A girl, weighing 2480 g, was born after 35 weeks' gestation to an O-positive mother. Amniocentesis had been performed at 3 months' gestational age, and the Coombs test result on the mother was negative at that time. The infant was noted to be pale at birth, with an initial hemoglobin of 5.2 g%, hematocrit 16%, reticulocyte count of 24%, and platelet count of 153 000. The infant's blood type was determined to be O-positive, with anti-c and anti-E antibodies, and 4+ Coombs-positivity. By 10 hours of age, the total bilirubin level was 15.1 mg/dL, with a direct component of 1.7 mg/dL. Double-bank phototherapy was initiated, and the neonate was administered two transfusions of packed red blood cells to treat the anemia. Total bilirubin levels had increased during 2 days to a peak of 27.6 mg/dL, with a direct bilirubin level of 7.9 mg/dL. Two exchange transfusions were performed, with continued double-bank phototherapy for control.
Two days after birth, a raspberry-colored nonblanching eruption was noted on the trunk at sites of exposure to the lights, with total sparing of areas underlying monitor leads and the temperature probe (Fig 1). Histopathologic evaluation of lesional skin biopsy showed extravasated red blood cells without significant inflammatory infiltrates. Despite mild epidermal spongiosis, keratinocyte necrosis was notably absent (Fig 2). Periodic-acid Schiff stains showed no deposits of positive material in the blood vessel walls. The patient never developed thrombocytopenia. The direct bilirubin level peaked at 7.9 mg/dL at 3 days of age, but transaminases were normal. Studies for porphyrin levels were not performed. The patient had not been administered any photosensitizing drugs, including furosemide, before the onset of the eruption. The eruption never became vesiculobullous, and it spontaneously resolved within 2 days after discontinuation of the phototherapy, without any cutaneous sequelae.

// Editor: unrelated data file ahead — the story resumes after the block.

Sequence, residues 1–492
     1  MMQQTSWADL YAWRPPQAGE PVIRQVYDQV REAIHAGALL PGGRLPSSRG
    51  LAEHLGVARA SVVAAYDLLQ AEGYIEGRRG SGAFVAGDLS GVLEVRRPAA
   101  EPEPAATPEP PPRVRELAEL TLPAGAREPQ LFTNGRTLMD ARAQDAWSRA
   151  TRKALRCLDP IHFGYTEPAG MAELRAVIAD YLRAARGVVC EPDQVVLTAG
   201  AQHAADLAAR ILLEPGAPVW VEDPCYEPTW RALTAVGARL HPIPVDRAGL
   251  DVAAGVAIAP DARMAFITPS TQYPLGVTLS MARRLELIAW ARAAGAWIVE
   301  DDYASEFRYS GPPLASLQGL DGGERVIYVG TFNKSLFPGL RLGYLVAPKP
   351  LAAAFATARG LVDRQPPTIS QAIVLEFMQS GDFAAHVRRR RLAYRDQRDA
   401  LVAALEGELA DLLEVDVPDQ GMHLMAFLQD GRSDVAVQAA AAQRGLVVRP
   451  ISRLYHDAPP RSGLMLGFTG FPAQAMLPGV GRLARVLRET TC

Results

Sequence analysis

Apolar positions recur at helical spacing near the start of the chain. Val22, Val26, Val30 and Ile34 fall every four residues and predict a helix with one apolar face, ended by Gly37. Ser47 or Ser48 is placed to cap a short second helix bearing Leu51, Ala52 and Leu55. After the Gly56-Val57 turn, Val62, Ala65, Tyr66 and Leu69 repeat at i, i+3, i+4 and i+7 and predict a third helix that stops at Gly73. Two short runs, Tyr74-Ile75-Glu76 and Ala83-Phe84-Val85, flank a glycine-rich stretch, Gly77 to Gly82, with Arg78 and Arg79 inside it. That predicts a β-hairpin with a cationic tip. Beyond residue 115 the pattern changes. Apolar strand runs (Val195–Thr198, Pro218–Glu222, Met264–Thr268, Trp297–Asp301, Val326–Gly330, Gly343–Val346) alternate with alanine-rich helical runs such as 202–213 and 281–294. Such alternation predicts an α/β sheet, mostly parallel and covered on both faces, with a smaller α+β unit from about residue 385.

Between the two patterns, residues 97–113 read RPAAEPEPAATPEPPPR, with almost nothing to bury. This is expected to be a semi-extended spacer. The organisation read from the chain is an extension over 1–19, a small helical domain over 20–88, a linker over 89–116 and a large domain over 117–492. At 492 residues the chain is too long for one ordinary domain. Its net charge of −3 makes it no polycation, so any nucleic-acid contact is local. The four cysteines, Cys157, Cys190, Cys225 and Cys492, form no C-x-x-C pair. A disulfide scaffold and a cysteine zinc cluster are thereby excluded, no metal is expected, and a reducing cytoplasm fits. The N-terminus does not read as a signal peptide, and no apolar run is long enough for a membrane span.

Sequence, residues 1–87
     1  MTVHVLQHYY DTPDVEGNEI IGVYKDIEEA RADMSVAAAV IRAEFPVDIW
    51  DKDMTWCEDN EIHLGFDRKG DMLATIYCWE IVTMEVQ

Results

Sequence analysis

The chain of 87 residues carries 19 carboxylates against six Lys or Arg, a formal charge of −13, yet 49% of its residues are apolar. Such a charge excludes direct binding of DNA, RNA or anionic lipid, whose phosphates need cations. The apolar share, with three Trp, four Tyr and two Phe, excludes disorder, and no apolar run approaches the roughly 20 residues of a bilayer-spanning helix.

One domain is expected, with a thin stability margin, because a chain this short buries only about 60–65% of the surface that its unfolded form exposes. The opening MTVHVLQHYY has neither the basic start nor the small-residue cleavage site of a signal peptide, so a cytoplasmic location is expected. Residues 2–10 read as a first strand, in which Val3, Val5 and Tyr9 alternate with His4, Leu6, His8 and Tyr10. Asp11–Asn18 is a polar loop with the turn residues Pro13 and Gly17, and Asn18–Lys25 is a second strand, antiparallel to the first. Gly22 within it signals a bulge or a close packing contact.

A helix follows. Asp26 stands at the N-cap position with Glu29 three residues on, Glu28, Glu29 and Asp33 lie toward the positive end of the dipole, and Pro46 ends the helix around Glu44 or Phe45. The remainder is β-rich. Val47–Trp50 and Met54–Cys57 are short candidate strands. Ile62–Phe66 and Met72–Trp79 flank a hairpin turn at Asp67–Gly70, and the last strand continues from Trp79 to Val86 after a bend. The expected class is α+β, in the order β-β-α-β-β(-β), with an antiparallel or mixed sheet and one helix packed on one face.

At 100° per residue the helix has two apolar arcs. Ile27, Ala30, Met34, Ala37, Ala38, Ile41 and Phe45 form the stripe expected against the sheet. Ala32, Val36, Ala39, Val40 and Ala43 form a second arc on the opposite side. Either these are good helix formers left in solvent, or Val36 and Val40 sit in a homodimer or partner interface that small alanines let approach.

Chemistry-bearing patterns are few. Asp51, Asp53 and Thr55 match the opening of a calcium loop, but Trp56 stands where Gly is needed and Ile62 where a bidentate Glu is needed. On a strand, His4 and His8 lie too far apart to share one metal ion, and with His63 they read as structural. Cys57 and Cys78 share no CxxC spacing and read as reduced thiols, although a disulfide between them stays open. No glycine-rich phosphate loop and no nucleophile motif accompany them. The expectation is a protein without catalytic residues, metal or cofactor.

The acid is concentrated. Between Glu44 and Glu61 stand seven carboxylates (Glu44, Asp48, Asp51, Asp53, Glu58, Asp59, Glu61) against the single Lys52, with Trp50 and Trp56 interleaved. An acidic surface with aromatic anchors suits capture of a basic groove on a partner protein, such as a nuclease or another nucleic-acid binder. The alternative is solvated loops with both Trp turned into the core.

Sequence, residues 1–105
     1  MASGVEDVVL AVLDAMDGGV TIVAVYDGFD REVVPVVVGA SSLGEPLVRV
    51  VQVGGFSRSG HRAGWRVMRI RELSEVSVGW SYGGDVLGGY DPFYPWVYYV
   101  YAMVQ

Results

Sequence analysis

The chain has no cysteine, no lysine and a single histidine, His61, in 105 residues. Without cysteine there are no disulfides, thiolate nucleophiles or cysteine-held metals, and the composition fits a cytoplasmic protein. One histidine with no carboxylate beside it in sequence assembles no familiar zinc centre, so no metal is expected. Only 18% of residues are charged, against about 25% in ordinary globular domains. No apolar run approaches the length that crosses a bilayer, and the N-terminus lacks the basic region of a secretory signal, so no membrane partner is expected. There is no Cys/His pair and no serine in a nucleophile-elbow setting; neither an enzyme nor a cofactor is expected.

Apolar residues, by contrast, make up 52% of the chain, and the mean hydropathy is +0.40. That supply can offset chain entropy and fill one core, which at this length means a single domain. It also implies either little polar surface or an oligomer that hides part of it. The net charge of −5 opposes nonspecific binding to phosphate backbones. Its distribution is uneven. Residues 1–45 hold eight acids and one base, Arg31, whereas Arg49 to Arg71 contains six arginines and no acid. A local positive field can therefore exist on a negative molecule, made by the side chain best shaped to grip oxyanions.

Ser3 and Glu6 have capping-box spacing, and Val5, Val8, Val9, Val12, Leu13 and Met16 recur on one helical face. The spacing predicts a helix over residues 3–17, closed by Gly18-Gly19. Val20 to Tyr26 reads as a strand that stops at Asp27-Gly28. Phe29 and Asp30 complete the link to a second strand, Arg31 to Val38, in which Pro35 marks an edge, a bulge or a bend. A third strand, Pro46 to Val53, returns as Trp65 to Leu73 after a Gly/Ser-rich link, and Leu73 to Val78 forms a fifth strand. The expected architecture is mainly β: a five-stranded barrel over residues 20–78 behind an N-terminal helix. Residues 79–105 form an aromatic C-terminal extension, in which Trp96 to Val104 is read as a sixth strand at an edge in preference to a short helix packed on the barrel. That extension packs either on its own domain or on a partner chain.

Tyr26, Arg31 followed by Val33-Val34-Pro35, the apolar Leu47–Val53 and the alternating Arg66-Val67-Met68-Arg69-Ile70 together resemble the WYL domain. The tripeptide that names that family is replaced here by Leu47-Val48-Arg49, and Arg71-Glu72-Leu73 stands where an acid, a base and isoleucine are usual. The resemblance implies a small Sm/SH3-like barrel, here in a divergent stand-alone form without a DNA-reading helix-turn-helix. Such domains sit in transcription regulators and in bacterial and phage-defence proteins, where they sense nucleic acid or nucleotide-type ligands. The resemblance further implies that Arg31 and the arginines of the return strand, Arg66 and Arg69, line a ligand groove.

During a follow-up period of 6 years, the patient developed no skin problems. However, she has developmental delay with moderate to severe sensorineural hearing loss, attributable to kernicterus. She also developed insulin-dependent diabetes mellitus at 1 year of age.
A 3015-g boy was born after 37 weeks' gestation to an A-negative mother who was known to have problems with Rh isoimmunization. At birth, the infant was pale and tachycardic, with poor respiratory effort and hepatomegaly to the level of the umbilicus. Initial hemoglobin was 10.7 g%, with a platelet count of 60 000 and a reticulocyte count of 51.2%. Cord total bilirubin level was 11.4 mg/dL, with a direct level of 2.8 mg/dL. Phototherapy lights were begun immediately, but the total bilirubin escalated to 22.2 mg/dL by 12 hours of life. When the respiratory status stabilized at 20 hours of life, an exchange transfusion was performed, with a preexchange bilirubin level of 26.4 mg/dL total and 9.8 mg/dL direct. The direct bilirubin level continued to be elevated markedly throughout hospitalization, but transaminases were normal.